On the crapiness of poetry
I once walked into a bookstore with the sole purpose of buying a book by a poet I didn't know. The second-best poets are the poets which put words on things you didn't know there were words for; who with their letters repaint and solidify your own experience, giving it new light. Like tarot cards, these poets reshuffle your view even when there's no magic involved. To me, Orhan Veli, a Turk, was such a second-best poet and Allen Ginsberg, an American. But I walked into this bookstore intent on finding a Norwegian poet who had new words for old things I had experienced. In short; I was looking for a poet who could paint experiences characteristic of my generation; the rythm of trance music, the movement of subway tunels as seen through stoned eyes, the shifting of pixels under the hand. I had discovered that in my own experience of love, a flower was simply a decorative object, whereas the "you have mail!" ping of Eudora contained endless subtleties and recollections.
My search was methodical. I went from the top of the poetry shelf, to the bottom, browsing through each volume looking at keywords, reading a single poem. A lot of the texts were classics, poets writing in metaphors of a nature I had never known, childhood recollections of cities I had never lived in, fiery call-to-arms for revolutions not my own. I learned how to discern the new poetry from the classics; the new poets wrote thinner books (or weren't published in collections), and their cover art was markedly different. I looked through these more carefully.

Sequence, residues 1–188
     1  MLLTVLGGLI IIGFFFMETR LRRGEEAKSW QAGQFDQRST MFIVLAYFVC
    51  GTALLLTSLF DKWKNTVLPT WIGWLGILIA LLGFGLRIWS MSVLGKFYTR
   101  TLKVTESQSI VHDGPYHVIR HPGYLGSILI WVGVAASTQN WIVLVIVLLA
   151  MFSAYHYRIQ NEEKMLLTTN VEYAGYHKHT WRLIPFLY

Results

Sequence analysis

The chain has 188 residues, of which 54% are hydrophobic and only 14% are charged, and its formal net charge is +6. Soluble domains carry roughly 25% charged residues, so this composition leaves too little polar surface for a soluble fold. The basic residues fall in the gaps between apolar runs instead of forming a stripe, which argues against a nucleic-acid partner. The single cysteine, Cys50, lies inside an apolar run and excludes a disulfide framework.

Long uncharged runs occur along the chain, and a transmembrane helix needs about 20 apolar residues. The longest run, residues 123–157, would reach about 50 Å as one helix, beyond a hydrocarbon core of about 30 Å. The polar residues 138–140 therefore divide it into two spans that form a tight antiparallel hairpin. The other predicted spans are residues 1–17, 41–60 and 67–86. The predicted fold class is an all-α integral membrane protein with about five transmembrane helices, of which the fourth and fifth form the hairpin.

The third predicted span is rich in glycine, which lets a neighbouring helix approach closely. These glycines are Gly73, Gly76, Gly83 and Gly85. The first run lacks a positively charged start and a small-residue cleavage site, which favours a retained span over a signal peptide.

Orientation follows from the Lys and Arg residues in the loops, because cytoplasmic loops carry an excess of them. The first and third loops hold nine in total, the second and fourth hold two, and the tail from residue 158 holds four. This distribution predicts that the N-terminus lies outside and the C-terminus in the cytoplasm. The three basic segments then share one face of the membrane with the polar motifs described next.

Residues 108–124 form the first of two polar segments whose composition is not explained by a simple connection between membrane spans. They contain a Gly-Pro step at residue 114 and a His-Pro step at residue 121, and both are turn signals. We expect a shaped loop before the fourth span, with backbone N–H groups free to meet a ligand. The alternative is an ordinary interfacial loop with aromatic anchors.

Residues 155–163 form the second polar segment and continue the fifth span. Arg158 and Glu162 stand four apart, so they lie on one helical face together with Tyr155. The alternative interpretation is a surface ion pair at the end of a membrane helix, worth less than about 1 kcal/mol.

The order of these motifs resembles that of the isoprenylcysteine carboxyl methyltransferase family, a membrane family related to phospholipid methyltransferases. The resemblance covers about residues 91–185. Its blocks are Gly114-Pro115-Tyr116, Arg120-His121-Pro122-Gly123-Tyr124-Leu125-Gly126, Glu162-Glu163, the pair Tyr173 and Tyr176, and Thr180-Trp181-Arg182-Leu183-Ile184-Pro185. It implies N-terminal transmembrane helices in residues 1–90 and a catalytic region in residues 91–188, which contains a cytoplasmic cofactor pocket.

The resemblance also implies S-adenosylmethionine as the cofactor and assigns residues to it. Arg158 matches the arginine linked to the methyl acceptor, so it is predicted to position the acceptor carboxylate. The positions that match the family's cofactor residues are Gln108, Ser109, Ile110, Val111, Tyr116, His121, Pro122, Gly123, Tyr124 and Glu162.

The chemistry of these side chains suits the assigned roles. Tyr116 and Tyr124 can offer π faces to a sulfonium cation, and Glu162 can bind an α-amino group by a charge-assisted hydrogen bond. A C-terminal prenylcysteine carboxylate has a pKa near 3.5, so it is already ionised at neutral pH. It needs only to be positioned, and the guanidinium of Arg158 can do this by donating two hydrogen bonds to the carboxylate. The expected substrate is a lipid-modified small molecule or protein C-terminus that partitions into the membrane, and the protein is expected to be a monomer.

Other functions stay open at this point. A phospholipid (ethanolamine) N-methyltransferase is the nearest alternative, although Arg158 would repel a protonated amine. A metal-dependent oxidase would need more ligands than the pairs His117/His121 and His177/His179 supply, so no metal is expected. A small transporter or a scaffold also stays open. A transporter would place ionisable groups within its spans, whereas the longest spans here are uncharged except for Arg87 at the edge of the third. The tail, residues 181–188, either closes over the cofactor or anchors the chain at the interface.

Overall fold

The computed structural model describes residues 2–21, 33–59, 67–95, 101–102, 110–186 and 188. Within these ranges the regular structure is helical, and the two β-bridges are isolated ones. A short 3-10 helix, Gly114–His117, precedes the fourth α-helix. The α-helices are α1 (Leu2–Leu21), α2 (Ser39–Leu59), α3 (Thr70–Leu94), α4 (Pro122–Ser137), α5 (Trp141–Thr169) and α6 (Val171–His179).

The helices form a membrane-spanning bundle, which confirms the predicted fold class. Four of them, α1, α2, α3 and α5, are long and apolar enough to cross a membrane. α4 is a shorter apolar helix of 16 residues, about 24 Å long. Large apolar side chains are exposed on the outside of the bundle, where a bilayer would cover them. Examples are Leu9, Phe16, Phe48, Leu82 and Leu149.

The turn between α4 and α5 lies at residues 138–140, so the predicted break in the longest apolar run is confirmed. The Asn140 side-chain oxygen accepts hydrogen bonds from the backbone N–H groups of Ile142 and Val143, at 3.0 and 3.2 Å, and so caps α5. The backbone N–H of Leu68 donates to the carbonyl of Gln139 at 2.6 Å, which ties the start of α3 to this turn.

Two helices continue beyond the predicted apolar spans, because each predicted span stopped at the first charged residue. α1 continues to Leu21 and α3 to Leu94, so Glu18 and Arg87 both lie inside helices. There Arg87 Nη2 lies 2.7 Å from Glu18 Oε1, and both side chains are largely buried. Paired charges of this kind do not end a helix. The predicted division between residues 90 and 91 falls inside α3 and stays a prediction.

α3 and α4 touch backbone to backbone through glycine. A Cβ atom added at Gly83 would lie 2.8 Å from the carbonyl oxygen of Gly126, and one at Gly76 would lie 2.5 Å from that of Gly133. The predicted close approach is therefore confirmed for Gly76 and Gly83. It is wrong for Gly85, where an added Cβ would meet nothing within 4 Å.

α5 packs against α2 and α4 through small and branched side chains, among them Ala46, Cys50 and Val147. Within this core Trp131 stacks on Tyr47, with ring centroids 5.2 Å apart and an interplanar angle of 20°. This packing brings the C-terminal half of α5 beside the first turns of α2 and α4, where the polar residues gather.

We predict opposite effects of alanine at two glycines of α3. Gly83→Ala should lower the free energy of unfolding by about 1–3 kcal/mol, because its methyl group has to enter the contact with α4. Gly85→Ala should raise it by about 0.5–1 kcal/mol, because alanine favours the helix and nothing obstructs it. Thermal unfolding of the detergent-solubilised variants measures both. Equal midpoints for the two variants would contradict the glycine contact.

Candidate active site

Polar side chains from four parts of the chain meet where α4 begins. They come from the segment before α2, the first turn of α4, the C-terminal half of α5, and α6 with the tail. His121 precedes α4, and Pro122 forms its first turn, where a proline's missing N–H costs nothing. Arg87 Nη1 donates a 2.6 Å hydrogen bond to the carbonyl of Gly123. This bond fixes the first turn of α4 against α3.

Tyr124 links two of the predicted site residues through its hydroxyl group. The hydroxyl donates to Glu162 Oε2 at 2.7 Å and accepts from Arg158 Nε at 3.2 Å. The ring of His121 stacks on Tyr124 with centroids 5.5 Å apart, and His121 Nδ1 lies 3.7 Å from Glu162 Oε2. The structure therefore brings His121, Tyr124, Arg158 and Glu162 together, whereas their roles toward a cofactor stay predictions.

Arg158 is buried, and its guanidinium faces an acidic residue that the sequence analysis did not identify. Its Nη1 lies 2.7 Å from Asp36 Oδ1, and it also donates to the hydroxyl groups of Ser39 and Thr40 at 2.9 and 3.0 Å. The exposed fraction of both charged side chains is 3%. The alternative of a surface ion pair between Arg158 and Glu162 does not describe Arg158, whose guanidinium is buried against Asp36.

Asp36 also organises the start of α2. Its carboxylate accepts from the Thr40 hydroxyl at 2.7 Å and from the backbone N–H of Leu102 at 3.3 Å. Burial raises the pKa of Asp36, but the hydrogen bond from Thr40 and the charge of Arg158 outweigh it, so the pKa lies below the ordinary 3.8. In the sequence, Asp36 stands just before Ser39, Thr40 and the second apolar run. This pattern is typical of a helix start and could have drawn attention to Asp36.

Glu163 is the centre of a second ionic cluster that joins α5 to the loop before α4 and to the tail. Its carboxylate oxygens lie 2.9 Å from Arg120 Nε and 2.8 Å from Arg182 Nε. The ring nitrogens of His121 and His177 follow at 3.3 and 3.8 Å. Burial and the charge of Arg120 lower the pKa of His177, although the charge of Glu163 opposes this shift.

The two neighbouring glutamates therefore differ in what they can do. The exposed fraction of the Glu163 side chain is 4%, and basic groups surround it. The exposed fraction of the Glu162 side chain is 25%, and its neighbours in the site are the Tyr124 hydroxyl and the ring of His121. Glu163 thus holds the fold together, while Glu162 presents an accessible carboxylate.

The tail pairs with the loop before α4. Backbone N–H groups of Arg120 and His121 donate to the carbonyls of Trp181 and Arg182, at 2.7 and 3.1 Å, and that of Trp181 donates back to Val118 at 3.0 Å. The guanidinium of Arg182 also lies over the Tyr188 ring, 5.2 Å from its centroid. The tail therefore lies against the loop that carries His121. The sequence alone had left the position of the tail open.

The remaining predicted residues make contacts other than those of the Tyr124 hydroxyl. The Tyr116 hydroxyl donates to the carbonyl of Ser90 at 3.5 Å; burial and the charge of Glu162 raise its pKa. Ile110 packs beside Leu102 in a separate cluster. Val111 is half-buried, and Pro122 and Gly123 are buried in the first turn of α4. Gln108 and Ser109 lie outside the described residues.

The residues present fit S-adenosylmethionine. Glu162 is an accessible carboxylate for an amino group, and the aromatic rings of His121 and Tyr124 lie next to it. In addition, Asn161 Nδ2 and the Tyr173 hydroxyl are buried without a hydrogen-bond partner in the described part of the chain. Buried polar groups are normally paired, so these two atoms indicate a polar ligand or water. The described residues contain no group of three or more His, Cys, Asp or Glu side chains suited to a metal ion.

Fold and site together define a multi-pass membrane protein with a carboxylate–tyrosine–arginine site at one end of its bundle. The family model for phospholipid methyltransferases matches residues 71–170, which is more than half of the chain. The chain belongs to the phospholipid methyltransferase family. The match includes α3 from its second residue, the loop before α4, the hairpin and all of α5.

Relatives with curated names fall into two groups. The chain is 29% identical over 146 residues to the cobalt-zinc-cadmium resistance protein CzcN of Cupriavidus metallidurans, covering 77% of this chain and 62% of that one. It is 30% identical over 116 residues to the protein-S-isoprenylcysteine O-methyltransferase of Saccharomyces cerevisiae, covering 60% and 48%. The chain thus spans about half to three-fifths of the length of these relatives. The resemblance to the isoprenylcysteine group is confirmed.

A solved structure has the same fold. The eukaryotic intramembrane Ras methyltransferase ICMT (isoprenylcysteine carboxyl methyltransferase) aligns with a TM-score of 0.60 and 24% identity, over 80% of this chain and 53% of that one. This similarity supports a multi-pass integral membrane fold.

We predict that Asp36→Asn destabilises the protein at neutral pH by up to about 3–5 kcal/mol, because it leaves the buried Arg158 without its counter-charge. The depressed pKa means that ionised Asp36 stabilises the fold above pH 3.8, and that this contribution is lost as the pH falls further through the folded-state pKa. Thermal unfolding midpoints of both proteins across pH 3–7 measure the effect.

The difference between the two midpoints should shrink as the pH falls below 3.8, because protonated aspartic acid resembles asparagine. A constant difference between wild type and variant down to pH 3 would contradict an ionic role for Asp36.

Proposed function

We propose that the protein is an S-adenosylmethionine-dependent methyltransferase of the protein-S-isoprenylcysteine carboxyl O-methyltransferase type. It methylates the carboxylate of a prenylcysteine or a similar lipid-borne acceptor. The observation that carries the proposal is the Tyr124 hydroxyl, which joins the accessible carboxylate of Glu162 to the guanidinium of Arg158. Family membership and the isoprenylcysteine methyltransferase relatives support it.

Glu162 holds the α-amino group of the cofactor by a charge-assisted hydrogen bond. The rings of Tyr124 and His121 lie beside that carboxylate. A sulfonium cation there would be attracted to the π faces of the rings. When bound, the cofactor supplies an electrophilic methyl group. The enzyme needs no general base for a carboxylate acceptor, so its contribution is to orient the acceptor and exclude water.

Working my way from A to Å I discovered no deviance from the pattern of the classics; the words were the words poets used, not the ones I used, the metaphors were of things alien to me and probably to the poet as well. For every new book, no matter how promising the layout or the title, the disappointment grew greater. In the end, I bought two novels and an English non-fiction, and walked out of the bookstore thinking that I would not be sympathetic the next time someone complained Norwegians had stopped reading poetry.
Half a year later, I find this book of Norwegian poetry I had bought when I was 19 to fit with the image of a young poetry-reading intellectual, and then forgotten. I flicked through the pages, this was six years later, and realised I had found my book. It was "Du dør så langsomt at du tror du lever" by Bertrand Besigye, from Uganda.
As a second-best poet his words were immediately recognizable. They fit with my own experiences. I could use them as index-cards to memories, as new angles on old problems.
But I found none of the very best poets in that shelf, and there is only one in my own. The very best poets are the poets whose words create immediate recognition of things you have never seen, experiences you have never had. I can nod in agreement with Allen Ginsberg when he writes of those "who poverty and tatters and hollow-eyed and high sat / up smoking in the supernatural darkness of / cold-water flats floating across the tops of cities / contemplating jazz", because I've actually been there above the city and if you don't know what I'm talking about it's becuase you're not me. But I was never in that station of the Metro where Ezra Pound wrote:
The apparation of those faces in the crowd;
Petals on a wet, black bough